Tag Archives: Ediscovery

DCP Midstream, LP, v. Anadarko Petroleum Corp.; Kerr-McGee Oil & Gas Onshore LP; and Kerr-McGee Gathering LLC, 2013 CO 36 (June 24, 2013)

Do courts manage cases “to secure the just, speedy, and inexpensive determination of every action?” (CRCP 1). They should. Here, Plaintiff sought information about thousands of gas wells and contracts, though it sued on far fewer. The trial court permitted broad discovery. In a wide-reaching opinion, the Court reversed and ordered all trial courts to actively manage discovery when objections to scope arise under CRCP 26(b). Those objections should be explicitly addressed in the context of the cost-benefit, proportionality, and other “good cause” factors in CRC 26(b)(2)(F). The Court would not distinguish between discovery of “claims and defenses” and “subject matter,” though the concurrence would have. The Court also reiterated that the attorney-client privilege applies to a Title Opinion if it is a confidential communication made in the course of obtaining advice.

http://www.courts.state.co.us/userfiles/file/Court_Probation/Supreme_Court/Opinions/2012/12SA307.pdf

http://www.cobar.org/opinions/opinion.cfm?opinionid=9000&courtid=2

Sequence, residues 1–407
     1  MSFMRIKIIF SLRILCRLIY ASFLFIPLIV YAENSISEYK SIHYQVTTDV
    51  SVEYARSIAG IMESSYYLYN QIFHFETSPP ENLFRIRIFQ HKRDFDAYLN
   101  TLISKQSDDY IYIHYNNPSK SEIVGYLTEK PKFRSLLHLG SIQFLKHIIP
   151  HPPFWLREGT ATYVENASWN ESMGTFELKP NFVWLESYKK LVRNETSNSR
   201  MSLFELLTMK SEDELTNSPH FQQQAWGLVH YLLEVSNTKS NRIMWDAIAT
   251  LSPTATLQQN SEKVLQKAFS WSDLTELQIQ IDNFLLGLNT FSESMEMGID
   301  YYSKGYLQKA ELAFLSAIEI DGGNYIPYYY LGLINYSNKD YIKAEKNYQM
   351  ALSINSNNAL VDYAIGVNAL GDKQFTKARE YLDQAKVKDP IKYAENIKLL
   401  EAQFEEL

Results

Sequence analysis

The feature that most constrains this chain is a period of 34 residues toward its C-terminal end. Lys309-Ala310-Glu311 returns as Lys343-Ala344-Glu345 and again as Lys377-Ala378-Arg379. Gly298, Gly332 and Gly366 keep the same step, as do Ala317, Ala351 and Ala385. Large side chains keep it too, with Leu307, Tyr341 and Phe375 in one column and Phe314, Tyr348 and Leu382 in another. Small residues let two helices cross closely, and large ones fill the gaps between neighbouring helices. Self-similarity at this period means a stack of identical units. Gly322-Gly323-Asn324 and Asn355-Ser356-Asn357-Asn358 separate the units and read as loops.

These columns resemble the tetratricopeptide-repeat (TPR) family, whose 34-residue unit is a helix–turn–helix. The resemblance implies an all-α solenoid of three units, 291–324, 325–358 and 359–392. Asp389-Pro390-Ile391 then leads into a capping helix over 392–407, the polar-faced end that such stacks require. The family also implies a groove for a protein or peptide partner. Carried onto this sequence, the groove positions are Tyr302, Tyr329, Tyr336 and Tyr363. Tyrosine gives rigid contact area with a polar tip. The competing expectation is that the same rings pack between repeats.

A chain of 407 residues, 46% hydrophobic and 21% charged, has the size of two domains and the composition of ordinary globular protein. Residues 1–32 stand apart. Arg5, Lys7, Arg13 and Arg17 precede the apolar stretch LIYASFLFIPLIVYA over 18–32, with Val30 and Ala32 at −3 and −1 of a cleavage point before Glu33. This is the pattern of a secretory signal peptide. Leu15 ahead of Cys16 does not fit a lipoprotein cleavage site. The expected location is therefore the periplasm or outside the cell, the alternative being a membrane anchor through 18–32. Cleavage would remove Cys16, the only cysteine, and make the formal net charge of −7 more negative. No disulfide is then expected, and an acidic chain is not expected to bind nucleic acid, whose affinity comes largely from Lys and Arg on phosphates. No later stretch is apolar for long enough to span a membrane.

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Filed under Contracts, Evidence, Interlocutory Review

In Re: Gateway Logistics, Inc. and Gateway Freight Solutions, Inc. v. Christopher Smay, Republic Cargo, and Republic Freight, 2013CO25 (April 15, 2013)

“If you want to keep a secret, you must also hide it from yourself.” – George Orwell. In this interlocutory appeal, the Court reviewed an order by the trial court to allow the plaintiffs to inspect personal and business computers, smartphones, other electronic devices belonging to the lead Defendant (and his wife, who is not a party to the case), and approximately three years of defendants’ telephone records. The Court, making the rule absolute (reversing the trial court and remanding the case) held: 1) the assertion of privacy requires a trial court to apply the balancing test in In Re District Court and failing to do so is an abuse of discretion; 2) people have a privacy interest in their electronically stored information and their telephone records; and 3) a nonparty’s status as such must be considered. Here, the trial court failed to apply the balancing test and was ordered to do so.

http://www.courts.state.co.us/userfiles/file/Court_Probation/Supreme_Court/Opinions/2012/12SA287.pdf

http://www.cobar.org/opinions/opinion.cfm?opinionid=8907&courtid=2

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Filed under Evidence, Interlocutory Review